A final Recommended Draft (including goals, policies and land use map) will be published and sent to City Council in mid-August. Council will then hold a series of work sessions around topics such as employment land, housing, centers and corridors, mixed use zones and the Transportation System Plan. Starting in November, Portlanders will have a chance to testify in person at several public hearings on the Recommended Draft. Council will be accepting written comments from the time the final Recommended Draft is published in mid-August until the public hearings close.
Early Implementation: Zoning Code Updates
In the meantime, the early implementation projects (zoning code updates) for the Comprehensive Plan Update are moving forward. Discussion drafts for employment land, campus institutions, mixed use zones and other zoning updates will be released starting in July and extending into September. Bureau of Planning and Sustainability staff will accept comments on these drafts and use them when developing the project proposed drafts for the PSC.
Portlanders are invited to chat with city planners about how these new rules will affect their neighborhood during Neighborhood Office Hours throughout the city. Times and locations are posted on the Comprehensive Plan Update calendar.
The 2035 Comprehensive Plan
(Land use map, policies, project list)
Early Implementation Projects
(Zoning code and zoning map updates)
Employment zoning – July 2015
Campus institutions – July 2015
Mixed use zones – August 2015
Other zoning – September 2015
Sign up to receive updates
While the draft Comprehensive Plan keeps moving forward, there is still a ways to go before the new plan goes into effect in the summer of 2017. So stay tuned and look for opportunities to engage in the process. Sign up to receive updates on the Comprehensive Plan Update.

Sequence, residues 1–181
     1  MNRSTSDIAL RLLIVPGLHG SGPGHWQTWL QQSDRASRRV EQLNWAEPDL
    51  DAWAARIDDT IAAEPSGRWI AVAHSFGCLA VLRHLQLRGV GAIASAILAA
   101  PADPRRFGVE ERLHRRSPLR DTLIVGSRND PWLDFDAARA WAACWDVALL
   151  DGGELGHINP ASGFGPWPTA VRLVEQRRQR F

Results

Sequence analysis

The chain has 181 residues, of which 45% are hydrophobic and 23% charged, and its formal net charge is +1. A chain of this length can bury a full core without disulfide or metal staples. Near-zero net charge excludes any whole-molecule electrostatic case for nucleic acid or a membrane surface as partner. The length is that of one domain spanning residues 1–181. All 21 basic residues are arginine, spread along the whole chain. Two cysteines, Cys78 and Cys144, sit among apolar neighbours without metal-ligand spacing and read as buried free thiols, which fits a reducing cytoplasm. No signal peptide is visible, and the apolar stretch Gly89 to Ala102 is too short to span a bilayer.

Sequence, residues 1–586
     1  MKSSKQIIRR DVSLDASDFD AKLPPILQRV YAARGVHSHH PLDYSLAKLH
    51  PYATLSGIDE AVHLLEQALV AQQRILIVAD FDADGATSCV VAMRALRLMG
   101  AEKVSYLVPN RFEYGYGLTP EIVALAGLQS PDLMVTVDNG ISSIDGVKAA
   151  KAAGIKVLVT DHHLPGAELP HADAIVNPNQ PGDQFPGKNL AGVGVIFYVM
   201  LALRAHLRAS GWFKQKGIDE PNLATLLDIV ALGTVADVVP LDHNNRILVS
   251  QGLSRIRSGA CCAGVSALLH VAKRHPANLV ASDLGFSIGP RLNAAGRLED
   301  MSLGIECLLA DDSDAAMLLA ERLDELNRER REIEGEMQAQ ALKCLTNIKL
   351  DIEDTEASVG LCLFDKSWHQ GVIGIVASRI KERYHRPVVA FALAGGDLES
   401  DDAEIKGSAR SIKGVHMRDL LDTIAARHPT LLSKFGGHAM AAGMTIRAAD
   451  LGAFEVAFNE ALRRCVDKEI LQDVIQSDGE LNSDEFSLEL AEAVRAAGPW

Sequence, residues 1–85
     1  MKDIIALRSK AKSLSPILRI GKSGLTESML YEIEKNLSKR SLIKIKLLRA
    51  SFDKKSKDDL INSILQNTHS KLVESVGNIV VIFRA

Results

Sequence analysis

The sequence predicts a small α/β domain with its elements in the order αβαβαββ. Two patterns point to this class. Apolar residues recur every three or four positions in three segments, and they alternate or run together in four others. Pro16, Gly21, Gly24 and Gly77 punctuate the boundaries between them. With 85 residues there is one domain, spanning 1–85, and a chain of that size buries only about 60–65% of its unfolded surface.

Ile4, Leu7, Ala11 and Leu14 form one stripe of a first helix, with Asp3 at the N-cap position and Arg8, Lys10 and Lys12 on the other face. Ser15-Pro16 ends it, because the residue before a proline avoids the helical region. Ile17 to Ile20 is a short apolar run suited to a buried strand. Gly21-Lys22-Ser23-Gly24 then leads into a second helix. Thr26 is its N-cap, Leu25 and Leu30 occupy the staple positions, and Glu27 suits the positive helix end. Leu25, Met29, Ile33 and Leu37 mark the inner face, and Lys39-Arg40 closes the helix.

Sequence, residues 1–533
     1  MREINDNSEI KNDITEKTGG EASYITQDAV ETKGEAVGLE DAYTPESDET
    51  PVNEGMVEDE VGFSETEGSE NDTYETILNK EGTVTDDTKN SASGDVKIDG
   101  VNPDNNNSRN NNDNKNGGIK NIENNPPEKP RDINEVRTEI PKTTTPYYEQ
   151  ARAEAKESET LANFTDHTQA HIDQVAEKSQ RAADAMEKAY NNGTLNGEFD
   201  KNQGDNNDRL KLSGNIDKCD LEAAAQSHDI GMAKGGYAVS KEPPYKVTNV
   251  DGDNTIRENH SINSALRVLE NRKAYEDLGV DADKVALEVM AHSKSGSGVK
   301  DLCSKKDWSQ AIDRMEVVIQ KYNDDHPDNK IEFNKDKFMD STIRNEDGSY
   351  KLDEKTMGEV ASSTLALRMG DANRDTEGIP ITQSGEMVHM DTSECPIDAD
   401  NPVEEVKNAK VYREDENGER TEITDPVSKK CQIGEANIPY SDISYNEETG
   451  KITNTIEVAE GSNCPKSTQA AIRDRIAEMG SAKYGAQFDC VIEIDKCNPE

Portland’s Multifamily Waste Reduction Program helps property owners and managers reduce garbage and recycling mistakes.
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Pilot program will provide deconstruction training, education, technical assistance and financial incentives for innovative projects.
On June 3, Portland City Council unanimously approved a resolution instructing the Bureau of Planning and Sustainability (BPS) to establish a pilot program to advance deconstruction (disassembly of structures in order to salvage materials for reuse). Mayor Hales said that Council is committed to moving fast on this issue. He also reiterated that the Portland community has shown a strong interest in moving in the direction of deconstruction as one of the ways to help address the recent increase in neighborhood demolition rates.
Members of Council and some testifiers also highlighted many of the benefits of deconstruction, including an increase in the amount of recovered materials that may be re-purposed and diverted from landfills, preservation of historic features and materials, a decrease in exposure to hazardous materials such as asbestos, and reduction of carbon emissions. .
The pilot program will provide deconstruction training, education, technical assistance and financial incentives for innovative projects. Deconstruction classes are scheduled to commence this fall, and BPS is expected to report back to Council on program status and next steps in January 2016. The pilot is funded through a grant from the Solid Waste Management Fund reserve, administered by BPS.
The design and execution of the pilot program will be conducted with continued discussion and input from the Deconstruction Advisory Group (DAG), convened in April. The group includes a wide range of experts including deconstruction contractors, salvage retail outlets, historic preservationists, developers, a recycler/hauler, the Bureau of Development Services (BDS), Mayor’s office, and Metro staff, as well as members of the Development Review Advisory Committee (DRAC) and United Neighbors for Reform.
More information about the Deconstruction Advisory Group, meeting minutes, calendar, and contact information are all available on the BPS website at https://www.portlandoregon.gov/bps/67421. To learn more about deconstruction, please visit the Construction & Demolition Debris section of the BPS website.
URL for full video of City Council proceedings: http://www.portlandoregon.gov/28258